Why do some leadership development programs fail?

Even when created with the best intentions, sometimes leadership development programs are unsuccessful. Many organizations struggle to gain buy-in from employees or have an environment that does not allow leaders to prioritize the program based on their current workload or responsibilities. Kevin Kruse argues that there are several additional reasons why this happens, including:

Training is after the fact. As many people move into leadership and managing others on average at age 30, much of their work ethic and habits (good and bad!) have already formed. A great way to combat this is to ensure they receive in-depth training as emerging leaders to start their careers on the right path. 

Uninspiring program format. With hybrid work and technology at our fingertips, it’s imperative to design the program in a way that is interactive and accessible. Consider using microlearning as part of your program, such as Blue Ocean Brain’s leadership development content to give on-demand, bite-sized content.

Training doesn’t align with their competency model for promotions and growth. During the planning phase, ensure that the goals and expectations of the program align with annual evaluation criteria. If this is a prerequisite for a promotion, ensure that the program allows leaders to hit their goals and be well-positioned for the next opportunity.

Lack of follow-through. Employees have a lot on their plate, and it is easy for some tasks to fall through the cracks. If you want your leaders to get as much out of the program as possible, you must incorporate follow-up protocols such as weekly touchpoints.

Measuring Results

Leadership development is already a $360+ billion industry and will grow an additional $26.7 billion from 2020-2024, according to Technavio. With companies pouring lots of time and money into these programs, they expect to see results. An important question to ask during planning is – what do we want to get out of this program? Consider having an L&D task force to assist with brainstorming and include individuals from multiple levels and departments within the company to ensure that the program is as inclusive as possible. Although there are significant variances based on the individual company and its needs, traditional metrics are participation/engagement, employee retention, and performance evaluations/promotability. Once your metrics are determined, it is imperative to gather feedback. Checking in on the participants at program milestones gives you real-time intel into how they feel the program is going, what they are getting out of it, and any suggestions for future improvements. A great way to encourage self-reflection during the program is by providing each participant with a journal to document their thoughts and new insights.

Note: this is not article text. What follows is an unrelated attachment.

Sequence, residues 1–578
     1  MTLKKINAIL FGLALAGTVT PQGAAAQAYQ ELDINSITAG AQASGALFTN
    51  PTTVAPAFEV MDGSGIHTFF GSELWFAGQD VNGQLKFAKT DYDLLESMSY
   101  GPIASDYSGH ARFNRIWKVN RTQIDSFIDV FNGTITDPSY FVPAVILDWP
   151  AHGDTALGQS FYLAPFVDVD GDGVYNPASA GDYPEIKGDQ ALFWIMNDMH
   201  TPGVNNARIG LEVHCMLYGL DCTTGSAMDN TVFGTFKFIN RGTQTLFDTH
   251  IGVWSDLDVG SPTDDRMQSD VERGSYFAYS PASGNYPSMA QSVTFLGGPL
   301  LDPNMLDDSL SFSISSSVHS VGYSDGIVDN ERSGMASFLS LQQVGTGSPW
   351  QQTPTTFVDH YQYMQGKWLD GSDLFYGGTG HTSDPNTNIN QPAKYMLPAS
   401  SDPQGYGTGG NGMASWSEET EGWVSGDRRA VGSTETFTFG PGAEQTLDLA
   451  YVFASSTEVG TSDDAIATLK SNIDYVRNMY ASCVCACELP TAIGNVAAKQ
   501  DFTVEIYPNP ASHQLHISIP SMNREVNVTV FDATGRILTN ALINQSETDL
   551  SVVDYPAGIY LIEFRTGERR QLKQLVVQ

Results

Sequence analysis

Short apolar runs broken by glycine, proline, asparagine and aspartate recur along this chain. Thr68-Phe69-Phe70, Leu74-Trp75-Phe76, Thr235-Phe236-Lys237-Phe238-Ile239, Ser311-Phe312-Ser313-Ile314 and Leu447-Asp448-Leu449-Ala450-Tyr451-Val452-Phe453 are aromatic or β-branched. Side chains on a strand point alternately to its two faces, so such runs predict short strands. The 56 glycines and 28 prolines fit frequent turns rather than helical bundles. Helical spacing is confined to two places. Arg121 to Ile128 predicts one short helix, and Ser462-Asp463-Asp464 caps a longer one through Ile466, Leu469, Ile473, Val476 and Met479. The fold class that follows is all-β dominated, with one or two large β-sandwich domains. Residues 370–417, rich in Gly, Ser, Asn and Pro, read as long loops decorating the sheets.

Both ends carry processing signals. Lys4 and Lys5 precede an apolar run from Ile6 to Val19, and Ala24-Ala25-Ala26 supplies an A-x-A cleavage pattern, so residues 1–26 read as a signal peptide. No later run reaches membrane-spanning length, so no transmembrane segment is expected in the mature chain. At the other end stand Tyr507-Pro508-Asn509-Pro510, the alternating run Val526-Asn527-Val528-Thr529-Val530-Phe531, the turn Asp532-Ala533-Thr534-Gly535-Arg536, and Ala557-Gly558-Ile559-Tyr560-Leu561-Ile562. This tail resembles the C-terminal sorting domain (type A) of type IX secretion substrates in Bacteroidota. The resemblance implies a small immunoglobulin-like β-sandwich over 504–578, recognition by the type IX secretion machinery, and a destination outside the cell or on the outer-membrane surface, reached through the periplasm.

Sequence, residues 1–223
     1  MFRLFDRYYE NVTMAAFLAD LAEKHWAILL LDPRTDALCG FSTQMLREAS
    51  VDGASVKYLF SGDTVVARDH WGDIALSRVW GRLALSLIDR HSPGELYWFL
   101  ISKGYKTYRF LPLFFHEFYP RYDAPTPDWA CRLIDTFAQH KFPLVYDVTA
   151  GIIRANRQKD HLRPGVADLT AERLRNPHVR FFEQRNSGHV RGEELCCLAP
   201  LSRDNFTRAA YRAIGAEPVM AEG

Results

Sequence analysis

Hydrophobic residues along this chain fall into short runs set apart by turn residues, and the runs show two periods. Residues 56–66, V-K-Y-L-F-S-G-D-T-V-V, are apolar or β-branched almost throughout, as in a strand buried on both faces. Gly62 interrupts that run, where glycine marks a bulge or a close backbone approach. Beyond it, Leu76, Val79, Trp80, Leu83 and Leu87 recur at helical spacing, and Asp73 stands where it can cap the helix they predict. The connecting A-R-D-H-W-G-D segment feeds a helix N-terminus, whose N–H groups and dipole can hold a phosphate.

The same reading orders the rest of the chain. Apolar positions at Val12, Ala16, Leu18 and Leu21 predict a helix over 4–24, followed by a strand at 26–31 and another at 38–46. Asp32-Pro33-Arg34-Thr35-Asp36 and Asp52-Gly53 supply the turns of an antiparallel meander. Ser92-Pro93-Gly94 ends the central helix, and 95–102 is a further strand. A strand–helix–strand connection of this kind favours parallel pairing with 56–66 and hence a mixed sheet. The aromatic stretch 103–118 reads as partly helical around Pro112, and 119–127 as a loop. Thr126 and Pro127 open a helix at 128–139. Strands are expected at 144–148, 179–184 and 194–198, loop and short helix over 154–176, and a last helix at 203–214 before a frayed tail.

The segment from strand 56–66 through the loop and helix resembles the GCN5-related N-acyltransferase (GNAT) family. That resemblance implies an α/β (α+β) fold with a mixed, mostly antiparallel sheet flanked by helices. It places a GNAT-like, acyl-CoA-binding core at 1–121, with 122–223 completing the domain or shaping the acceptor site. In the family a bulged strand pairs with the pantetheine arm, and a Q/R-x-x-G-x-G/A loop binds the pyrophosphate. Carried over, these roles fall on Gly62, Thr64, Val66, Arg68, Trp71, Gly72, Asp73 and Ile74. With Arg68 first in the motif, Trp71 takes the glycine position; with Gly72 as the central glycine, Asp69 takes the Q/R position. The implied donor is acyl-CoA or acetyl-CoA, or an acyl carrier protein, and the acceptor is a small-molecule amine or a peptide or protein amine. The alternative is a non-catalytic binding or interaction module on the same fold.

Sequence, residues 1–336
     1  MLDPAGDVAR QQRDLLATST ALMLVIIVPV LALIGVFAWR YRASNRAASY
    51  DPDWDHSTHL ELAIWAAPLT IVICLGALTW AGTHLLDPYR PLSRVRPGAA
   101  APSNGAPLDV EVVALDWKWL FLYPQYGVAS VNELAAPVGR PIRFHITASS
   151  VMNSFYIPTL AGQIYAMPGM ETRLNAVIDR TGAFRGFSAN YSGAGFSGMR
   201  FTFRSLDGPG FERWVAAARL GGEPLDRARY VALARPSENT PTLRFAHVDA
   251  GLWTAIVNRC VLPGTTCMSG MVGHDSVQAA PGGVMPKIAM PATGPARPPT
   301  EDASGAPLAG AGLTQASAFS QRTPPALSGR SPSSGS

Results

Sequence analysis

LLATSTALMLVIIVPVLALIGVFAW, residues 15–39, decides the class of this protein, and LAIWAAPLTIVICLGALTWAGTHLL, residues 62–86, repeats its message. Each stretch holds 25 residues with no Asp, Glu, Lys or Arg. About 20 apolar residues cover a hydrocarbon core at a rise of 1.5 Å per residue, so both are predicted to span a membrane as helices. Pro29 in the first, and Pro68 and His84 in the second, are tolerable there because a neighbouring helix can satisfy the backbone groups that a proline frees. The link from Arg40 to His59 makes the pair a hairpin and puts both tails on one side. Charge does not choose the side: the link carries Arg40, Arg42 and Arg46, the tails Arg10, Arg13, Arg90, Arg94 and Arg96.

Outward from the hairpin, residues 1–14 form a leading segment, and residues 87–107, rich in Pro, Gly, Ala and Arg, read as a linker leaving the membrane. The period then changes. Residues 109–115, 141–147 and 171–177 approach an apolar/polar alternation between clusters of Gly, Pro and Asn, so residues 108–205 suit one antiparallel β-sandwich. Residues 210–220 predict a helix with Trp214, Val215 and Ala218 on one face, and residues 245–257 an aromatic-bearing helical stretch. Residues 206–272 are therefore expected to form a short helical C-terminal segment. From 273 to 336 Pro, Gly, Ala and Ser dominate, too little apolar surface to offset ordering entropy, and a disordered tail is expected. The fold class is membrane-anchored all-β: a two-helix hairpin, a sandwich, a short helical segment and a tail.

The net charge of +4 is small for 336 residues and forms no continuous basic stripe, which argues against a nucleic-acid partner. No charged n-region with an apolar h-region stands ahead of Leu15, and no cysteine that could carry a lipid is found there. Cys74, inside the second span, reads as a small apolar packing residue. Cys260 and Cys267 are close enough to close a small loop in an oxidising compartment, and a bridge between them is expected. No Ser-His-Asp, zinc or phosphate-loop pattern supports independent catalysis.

Additionally, having an event where participants share what they learned with the group and celebrate completion is a great way to continue teambuilding with the leaders and promote the program internally. Your leaders should feel encouraged and supported in their professional development and, recognizing their achievement is a powerful way to boost employee engagement. After the program ends, make sure you and your L&D team pat yourselves on the back! After taking some time to regroup, gather participant feedback and analyze your metrics, it’s time to start planning for next year. One idea to maintain fresh ideas with the program is to elevate recent program graduates into the mentor/coach role. This opportunity allows new graduates to practice upskilling others and ensures that the mentor/coach pool is inclusive and reaches as many people as possible.

Determining how to develop a leadership development program for your organization is not easy and can take several iterations before getting it right. The good news is organizations that invest in leadership development opportunities tend to be more innovative and perform better financially than those that don’t. Having these programs in place also helps your firm become an employer of choice – people want to work for companies that commit to growing their teams. Encouraging leadership development helps strengthen your internal talent pipelines and increases your ability to retain top talent. Now is a great time to take a holistic look at your current initiatives and build a leadership development program – your organization and employees (both current and future) will thank you.